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Soybeans continue to follow lead of meal

Soybeans were higher on commercial and technical buying. Beans followed meal, which was supported by talk of tight supplies in Argentina, the world’s biggest soybean product exporter. The USDA says 92% of U.S. soybeans are harvested, compared to 87% a week ago and the five-year average of 93%. Unknown destinations bought 264,000 tons of 2021/22 U.S. beans Monday morning, following up on Friday’s purchase of more than 250,000 tons. Export inspections were below the previous week and year’s big totals, but still topped 2 million tons. The leading destinations were China and Mexico. The NOPA says member firms crushed 183.993 million bushels during October, the highest this year since January, but modestly below a year ago. Soybean oil stocks were up sharply on the year, which pressured bean oil, along with the unwinding of product spreads. South American conditions generally look good, aside from dry conditions in parts of southern Brazil.

Corn was mixed, adjusting old crop/new crop spreads. Corn is watching U.S. harvest activity and conditions in Argentina and Brazil. Stateside, 91% of U.S. corn is planted, compared to 84% last week and 86% on average. In South America, near-term conditions generally look favorable, but some key growing areas will need rain and the impending La Nina pattern is a wild card. Mexico bought 198,200 tons of U.S. corn, with 148,200 for 2021/22 delivery and 50,000 tons for 2022/23. Export inspections were up on the week, down on the year, with the 2021/22 pace behind 2020/21. The main destinations were Mexico and Colombia. Demand from China continues to be much slower than expected, with Beijing reportedly sourcing corn from Ukraine last week, despite the U.S. price advantage. Ethanol futures were unchanged.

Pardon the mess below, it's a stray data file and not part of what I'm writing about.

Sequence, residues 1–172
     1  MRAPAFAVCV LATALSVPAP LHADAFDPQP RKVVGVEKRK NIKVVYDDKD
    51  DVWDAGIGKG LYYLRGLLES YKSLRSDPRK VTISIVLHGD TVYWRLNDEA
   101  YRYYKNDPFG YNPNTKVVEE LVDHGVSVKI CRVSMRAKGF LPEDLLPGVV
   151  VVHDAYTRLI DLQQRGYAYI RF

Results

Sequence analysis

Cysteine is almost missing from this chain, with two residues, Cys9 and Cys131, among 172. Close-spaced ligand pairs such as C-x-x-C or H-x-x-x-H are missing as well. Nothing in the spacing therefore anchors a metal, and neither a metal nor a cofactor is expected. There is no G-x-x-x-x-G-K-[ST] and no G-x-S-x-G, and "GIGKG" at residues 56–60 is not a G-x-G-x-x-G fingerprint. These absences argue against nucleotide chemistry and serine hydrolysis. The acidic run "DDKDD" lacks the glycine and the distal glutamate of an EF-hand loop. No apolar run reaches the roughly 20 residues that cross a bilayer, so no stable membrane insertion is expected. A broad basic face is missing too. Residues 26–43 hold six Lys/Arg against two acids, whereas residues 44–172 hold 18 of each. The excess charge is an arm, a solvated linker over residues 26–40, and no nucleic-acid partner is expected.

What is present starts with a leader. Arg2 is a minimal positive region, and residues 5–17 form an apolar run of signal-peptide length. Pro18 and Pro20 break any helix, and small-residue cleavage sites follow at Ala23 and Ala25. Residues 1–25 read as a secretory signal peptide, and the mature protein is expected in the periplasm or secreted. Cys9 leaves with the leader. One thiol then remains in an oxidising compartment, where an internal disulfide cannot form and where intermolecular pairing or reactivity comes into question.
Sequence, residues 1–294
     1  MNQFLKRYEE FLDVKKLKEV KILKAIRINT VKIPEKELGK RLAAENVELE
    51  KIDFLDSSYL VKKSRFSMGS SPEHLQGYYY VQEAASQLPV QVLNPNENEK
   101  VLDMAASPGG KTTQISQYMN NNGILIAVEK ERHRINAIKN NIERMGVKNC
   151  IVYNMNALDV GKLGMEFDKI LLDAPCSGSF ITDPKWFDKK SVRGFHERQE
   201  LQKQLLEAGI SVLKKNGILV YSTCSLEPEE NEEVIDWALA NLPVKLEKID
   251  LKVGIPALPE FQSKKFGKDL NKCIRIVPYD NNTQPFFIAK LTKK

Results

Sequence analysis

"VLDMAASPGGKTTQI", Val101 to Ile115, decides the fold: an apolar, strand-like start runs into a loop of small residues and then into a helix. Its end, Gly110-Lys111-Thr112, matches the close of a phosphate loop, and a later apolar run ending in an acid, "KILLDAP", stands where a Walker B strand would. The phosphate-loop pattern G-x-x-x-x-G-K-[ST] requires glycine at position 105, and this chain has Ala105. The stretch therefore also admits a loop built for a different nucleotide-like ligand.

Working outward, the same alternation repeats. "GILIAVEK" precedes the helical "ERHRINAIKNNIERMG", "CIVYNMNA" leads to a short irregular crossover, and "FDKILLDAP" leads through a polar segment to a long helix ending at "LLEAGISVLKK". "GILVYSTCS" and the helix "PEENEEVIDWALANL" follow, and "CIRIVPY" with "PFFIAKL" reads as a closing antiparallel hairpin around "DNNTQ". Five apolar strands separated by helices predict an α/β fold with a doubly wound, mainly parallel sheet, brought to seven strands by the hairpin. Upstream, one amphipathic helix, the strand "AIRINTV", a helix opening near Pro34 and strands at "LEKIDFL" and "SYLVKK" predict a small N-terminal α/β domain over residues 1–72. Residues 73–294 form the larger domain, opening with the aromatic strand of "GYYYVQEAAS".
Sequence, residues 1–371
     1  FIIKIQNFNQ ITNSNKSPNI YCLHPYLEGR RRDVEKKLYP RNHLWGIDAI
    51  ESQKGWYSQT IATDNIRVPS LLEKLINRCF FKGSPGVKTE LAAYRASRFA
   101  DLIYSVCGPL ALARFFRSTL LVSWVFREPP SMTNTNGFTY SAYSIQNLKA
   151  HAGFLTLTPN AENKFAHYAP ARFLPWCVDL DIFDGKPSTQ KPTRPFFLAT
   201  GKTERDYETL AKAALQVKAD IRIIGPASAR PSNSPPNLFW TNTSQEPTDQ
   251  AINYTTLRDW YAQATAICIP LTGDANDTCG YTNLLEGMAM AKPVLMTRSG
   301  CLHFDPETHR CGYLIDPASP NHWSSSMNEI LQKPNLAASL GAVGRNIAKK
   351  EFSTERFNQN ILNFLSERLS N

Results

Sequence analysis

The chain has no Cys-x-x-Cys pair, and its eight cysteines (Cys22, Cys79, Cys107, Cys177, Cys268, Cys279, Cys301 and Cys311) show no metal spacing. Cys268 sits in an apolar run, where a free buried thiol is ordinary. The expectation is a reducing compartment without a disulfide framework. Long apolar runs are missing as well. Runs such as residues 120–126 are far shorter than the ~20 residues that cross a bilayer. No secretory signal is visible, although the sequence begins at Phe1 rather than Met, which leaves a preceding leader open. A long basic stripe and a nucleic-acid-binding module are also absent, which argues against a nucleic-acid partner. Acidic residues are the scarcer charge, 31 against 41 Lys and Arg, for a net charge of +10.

The wheat complex was mixed. Chicago and Kansas City were up, monitoring winter wheat planting and emergence conditions, while Minneapolis was down on overbought signals. For winter wheat, 94% of the crop is planted, matching the usual rate, and 81% has emerged, compared to 83% normally in mid-November, with 46% of winter wheat in good to excellent shape, up 1% on the week. The trade is also watching pre-harvest conditions in Argentina and Australia, with Australia expected to see a beneficial drier pattern, in addition to weather ahead of dormancy in Europe, Russia, and Ukraine. Russia’s wheat export tax shot higher again this week, now topping $77 per ton. That hasn’t led to an appreciable uptick in demand for U.S. wheat, which actually has been slower than expected. Closing in on the halfway point of 2021/22, export inspections were up on the week and the year but continue to trail the 2020/21 pace. The top destinations last week were Nigeria and Ethiopia.

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